The boldest blockbuster since Mad Max: Fury Road, this Spidey adventure takes the ‘anything goes’ ethos of 2018’s Into the Spider-Verse and somehow finds more boundaries to push, more visual extra-ness to tap into, more roller coasters to ride. It’s such a torrent of universes, ideas and styles that it should collapse under the weight of its own creative payload. But it all works – brilliantly.
Typically, co-writers Phil Lord and Chris Miller – Hollywood alchemists who turn seemingly crazy ideas like The Lego Movie and 21 Jump Street into gold – make a possible weakness a plot that revolves around the now-ubiquitous multiverse) into a major strength. Across the Spider-Verse’s central idea is what happens when you ‘break the canon’ and deviate from what’s expected. It’s a maverick antidote to the army of identikit superhero movies out there.
Here, it’s Into the Spider-Verse’s Spidey, smart, sensitive mixed-race New York teen Miles Morales (voiced by Shameik Moore), who is left facing the death of a loved one while stuck in another universe. But is that fate preordained and necessary or can comic-book narratives be defied? Like a multiversal lore enforcer, Oscar Isaac’s Miguel O’Hara – aka Spider-Man 2099 – emerges as the killjoy secondary villain, determined to keep the impetuous Miles in check. Gwen Stacy (Hailee Steinfeld) is torn between duty and love for her old love interest.
Even better is the movie’s main villain, the Spot. A portal-deploying superbad voiced by Jason Schwartzman and disconcertingly saggy in all the wrong places, like an unholy cross between Pan’s Labyrinth’s Pale Man and a Friesian cow, he evolves from a kind of dorky villain-of-the-week and into a huge existential threat, cranking up the stakes.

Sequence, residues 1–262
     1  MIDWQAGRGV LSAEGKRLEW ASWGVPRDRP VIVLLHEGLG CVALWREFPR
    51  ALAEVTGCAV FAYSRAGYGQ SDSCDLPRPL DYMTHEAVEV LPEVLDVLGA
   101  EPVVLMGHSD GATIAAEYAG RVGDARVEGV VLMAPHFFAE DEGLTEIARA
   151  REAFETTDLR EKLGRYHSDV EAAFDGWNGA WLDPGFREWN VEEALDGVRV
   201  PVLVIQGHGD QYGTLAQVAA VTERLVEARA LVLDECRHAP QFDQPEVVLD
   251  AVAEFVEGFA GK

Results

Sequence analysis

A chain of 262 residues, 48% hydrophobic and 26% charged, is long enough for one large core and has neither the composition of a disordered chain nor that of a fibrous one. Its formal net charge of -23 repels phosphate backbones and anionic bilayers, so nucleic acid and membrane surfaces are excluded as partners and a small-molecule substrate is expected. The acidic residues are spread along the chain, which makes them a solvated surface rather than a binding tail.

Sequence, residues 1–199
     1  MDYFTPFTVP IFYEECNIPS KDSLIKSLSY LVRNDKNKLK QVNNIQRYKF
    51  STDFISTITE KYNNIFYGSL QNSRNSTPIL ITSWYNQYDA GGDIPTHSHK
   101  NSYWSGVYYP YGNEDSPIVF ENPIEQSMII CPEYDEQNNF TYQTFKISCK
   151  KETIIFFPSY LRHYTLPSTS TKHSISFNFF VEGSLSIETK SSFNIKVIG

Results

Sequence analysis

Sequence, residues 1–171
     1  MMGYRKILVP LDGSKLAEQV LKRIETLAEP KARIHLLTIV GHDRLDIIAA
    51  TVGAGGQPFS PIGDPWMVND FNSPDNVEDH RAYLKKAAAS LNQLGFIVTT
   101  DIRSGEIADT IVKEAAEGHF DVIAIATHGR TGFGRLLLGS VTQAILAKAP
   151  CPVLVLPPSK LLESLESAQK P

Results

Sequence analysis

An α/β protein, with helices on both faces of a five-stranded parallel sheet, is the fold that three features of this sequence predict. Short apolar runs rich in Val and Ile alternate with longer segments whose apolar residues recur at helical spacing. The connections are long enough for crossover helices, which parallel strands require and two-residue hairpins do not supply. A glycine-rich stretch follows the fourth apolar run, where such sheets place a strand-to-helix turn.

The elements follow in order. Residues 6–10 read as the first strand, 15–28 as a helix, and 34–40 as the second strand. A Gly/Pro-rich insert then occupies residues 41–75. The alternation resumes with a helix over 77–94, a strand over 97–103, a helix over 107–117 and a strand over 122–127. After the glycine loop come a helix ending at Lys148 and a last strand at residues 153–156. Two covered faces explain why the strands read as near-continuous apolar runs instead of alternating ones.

Joining the fray are about 200 brilliantly out-there variants on Spider-Man, including Daniel Kaluuya’s Hobie Brown, who brings Sid Vicious energy as Spider-Punk, a heartthrob Indian Spider-Man (Deadpool’s Karan Soni), and Issa Rae’s pregnant but pugnacious Spider-Woman.
It finds more boundaries to push and more roller coasters to ride
With its mix of 3D and 2D animation, split screens, comic-book panels, meme homages, Jeff Koons cameos, and even a detour into Lego (really), Across the Spider-Verse is also the best-looking film of the year. When that old Spidey nemesis, Vulture, turns up for an early showdown in the New York Guggenheim, it’s as a Renaissance figure rendered in Da Vinci-style paper outlines. Akira, Blade Runner and the work of futurist artist Syd Mead all get more than a nod here, too. New co-directors Joaquim Dos Santos, Soul’s Kemp Powers and Justin K Thompson have conjured up a whirligig of styles that cohere perfectly into one eye-popping whole.
If there’s a minor grumble it’s with a cliffhanger ending that leaves us hanging for next year’s Beyond the Spider-Verse. Still, another Spider-Verse movie is really no hardship. This one is a classic.
In cinemas worldwide now.